VANCOUVER — Talks went late into the night on Sunday as the B.C. Teachers’ Federation and the provincial government bargaining teams met at a hotel in Richmond with veteran mediator Vince Ready. The two sides spent the weekend talking – going late Saturday and Sunday nights.
They announced on Thursday that the two sides would be meeting again.
“Bargaining is continuing,” Ready told Global News Saturday. He confirmed he was shuttling between the two rooms, but wouldn’t comment further on the talks. Both sides are currently imposing a media blackout and won’t comment on the progress of discussions.
WATCH: Keith Baldrey discusses the latest movements in the negotiations.
Talks wrapped up around 2:00am Monday, with mediator Vince Ready suggesting would continue later in the day.
— Tanya Beja (@TBejaGlobal) September 14, 2014
“One assumes there has been some kind of movement, otherwise they would not still be there,” says Global News‘ Legislative Bureau Chief Keith Baldrey. He says the BCTF will not sign a contract that doesn’t contain more money for classroom funding or that jeopardizes the court cases it has won on class size. The government won’t negotiate a deal that gives BCTF members significantly more than other public sector unions with regards to wages and benefits.
“Those are the issues at play here. That’s where the movement is likely occurring. Nobody is clear at all whether there’s enough for a deal there,” says Baldrey. But he says he doesn’t think a deal will be reached tonight.
Even if a deal is reached tonight, Baldrey says the teachers would have to vote to ratify it, so that means either way there will be no school for B.C. kids Monday morning.
Meanwhile, teachers gathered this morning at the Vancouver Art Gallery to rally for arbitration. The movement was organized by parents to show their support and students were in attendance as well.
However, another group of parents, which calls itself the B.C. Parents’ Federation, showed up at the rally, protesting against arbitration. This resulted in a call to Vancouver Police after a shoving match broke out between the two groups.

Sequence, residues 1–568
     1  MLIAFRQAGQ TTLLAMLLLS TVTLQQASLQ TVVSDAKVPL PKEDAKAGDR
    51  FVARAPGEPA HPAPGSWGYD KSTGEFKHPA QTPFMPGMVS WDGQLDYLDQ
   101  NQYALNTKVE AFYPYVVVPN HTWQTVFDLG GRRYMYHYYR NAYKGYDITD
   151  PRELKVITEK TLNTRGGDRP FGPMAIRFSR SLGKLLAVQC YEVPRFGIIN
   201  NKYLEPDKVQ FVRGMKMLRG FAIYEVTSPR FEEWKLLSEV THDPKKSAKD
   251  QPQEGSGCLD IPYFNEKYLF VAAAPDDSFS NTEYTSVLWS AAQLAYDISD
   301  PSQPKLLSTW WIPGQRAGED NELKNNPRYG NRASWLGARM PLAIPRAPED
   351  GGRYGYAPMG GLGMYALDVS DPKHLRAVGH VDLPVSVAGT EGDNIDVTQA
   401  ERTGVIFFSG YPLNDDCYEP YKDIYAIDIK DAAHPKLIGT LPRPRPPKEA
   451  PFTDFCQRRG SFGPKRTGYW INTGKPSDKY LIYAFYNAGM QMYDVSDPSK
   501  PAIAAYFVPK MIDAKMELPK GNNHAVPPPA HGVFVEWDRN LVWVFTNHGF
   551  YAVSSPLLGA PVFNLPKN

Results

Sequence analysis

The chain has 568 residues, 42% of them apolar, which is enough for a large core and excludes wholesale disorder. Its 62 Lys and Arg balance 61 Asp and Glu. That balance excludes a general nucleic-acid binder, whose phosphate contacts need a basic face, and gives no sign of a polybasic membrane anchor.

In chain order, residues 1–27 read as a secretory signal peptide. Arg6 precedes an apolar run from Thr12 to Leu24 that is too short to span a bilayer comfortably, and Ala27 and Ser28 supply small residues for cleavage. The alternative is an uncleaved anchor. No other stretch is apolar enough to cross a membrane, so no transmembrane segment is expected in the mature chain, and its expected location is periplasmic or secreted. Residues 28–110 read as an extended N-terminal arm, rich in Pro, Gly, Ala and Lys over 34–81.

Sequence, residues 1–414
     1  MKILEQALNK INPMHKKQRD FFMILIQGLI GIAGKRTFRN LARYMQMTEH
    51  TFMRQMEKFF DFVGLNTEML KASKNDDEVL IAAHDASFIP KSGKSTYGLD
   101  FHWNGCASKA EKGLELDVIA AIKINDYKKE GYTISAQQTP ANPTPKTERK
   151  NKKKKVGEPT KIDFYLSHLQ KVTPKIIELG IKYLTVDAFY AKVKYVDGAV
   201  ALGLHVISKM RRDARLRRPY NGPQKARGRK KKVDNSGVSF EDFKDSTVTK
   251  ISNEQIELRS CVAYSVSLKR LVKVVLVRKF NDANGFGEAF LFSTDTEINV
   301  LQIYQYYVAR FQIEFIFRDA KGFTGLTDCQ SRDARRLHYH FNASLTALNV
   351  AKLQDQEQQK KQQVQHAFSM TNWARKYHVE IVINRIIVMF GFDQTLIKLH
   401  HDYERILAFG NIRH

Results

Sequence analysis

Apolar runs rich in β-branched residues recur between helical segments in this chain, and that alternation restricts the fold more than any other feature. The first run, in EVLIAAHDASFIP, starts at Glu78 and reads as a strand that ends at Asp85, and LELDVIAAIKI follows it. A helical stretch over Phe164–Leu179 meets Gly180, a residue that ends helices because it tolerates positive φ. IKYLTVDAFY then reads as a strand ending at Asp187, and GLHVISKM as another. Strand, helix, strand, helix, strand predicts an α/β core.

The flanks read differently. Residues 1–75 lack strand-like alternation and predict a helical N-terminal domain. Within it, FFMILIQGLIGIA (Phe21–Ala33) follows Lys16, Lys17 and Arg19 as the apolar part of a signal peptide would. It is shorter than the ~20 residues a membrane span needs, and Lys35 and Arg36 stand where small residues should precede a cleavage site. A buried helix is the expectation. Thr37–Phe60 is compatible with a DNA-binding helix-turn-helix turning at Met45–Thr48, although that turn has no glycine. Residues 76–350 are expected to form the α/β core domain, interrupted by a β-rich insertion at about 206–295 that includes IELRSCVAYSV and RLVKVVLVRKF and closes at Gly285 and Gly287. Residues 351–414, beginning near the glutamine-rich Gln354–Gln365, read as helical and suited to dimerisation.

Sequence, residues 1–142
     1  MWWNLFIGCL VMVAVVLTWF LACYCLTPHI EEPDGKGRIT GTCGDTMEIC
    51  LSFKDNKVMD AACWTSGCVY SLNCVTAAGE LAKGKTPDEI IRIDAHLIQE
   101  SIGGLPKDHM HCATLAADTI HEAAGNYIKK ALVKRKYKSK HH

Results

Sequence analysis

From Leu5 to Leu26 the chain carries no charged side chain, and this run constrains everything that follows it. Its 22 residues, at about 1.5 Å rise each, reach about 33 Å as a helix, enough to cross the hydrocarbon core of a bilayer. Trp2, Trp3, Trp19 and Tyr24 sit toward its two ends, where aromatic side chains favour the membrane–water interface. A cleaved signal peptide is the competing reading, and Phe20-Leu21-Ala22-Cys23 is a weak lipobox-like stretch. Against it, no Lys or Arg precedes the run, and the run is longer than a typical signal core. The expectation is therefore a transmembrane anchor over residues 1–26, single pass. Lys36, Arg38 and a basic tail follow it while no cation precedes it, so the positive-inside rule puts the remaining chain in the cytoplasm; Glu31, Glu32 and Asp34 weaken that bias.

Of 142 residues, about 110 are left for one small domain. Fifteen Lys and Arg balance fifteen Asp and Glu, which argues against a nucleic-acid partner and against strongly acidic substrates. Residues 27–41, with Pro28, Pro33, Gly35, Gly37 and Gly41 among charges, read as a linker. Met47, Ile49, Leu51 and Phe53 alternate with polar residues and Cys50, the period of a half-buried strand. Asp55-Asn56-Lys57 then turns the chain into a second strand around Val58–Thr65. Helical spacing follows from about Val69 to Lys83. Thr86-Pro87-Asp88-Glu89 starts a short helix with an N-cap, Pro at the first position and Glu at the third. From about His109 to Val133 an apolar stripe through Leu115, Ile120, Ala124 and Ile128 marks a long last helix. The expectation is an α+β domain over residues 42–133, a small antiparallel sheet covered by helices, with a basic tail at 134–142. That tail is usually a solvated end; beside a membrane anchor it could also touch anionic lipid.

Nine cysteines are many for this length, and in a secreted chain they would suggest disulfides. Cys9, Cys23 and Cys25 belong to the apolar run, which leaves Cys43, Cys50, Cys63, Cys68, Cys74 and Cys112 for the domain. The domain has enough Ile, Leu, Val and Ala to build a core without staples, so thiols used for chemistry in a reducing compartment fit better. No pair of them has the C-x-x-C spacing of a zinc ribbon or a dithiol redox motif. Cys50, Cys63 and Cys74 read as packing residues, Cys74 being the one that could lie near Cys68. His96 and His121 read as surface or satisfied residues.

WATCH: Jill Bennett has the latest on the arbitration protest.
Since negotiations led by Ready fell apart two weeks ago, teachers have voted more than 99 percent in favour of returning to work if there was binding arbitration. The government has out-ruled this, but it appeared that they are getting more flexible on the contentious E80 clause, which deals with class size and composition.
“We have said clearly, tell us what the problem with E80 is, and we’ll negotiate that,” said Education Minister Peter Fassbender. “And again, negotiations are about give and take.”
Premier Christy Clark has said she thinks she can get a negotiated deal before she travels to India for a trade mission that’s scheduled to start on Oct. 9.
READ MORE: B.C. teacher’s strike – The timeline
Students across the province are becoming increasingly frustrated with the situation. They’ve planned a protest on the Lions’ Gate Bridge next weekend, called Bridge The Gap, requesting a resolution to the strike.
The 500,000 public school children in B.C. have already missed the first two weeks of this school year. The full-scale strike started on June 17 of the last school year, after escalating job action by the teachers throughout the spring.
“I’m worried if it goes much longer, if they’ll have to repeat a year. And I’m especially ready for the grade 12s who are ready to go apply and haven’t started yet,” parent Elice Vanderwerff told Global News.
–With files from Jill Bennett, Amy Judd and Yuliya Talmazan.